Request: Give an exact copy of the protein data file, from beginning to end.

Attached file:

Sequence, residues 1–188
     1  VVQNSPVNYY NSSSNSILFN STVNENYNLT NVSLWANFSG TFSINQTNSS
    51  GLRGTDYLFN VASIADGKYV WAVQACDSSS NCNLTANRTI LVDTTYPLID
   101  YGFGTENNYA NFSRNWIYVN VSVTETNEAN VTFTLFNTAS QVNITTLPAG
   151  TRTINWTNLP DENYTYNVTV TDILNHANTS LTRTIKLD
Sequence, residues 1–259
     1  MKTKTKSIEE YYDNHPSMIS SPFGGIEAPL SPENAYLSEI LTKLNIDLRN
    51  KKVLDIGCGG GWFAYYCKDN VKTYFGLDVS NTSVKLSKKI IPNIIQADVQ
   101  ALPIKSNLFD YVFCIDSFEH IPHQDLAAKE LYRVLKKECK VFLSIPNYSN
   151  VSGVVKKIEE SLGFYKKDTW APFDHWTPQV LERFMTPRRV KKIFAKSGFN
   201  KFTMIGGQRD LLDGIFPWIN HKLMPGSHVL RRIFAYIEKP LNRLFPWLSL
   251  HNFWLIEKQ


Sequence, residues 1–188
     1  VVQNSPVNYY NSSSNSILFN STVNENYNLT NVSLWANFSG TFSINQTNSS
    51  GLRGTDYLFN VASIADGKYV WAVQACDSSS NCNLTANRTI LVDTTYPLID
   101  YGFGTENNYA NFSRNWIYVN VSVTETNEAN VTFTLFNTAS QVNITTLPAG
   151  TRTINWTNLP DENYTYNVTV TDILNHANTS LTRTIKLD
Sequence, residues 1–259
     1  MKTKTKSIEE YYDNHPSMIS SPFGGIEAPL SPENAYLSEI LTKLNIDLRN
    51  KKVLDIGCGG GWFAYYCKDN VKTYFGLDVS NTSVKLSKKI IPNIIQADVQ
   101  ALPIKSNLFD YVFCIDSFEH IPHQDLAAKE LYRVLKKECK VFLSIPNYSN
   151  VSGVVKKIEE SLGFYKKDTW APFDHWTPQV LERFMTPRRV KKIFAKSGFN
   201  KFTMIGGQRD LLDGIFPWIN HKLMPGSHVL RRIFAYIEKP LNRLFPWLSL
   251  HNFWLIEKQ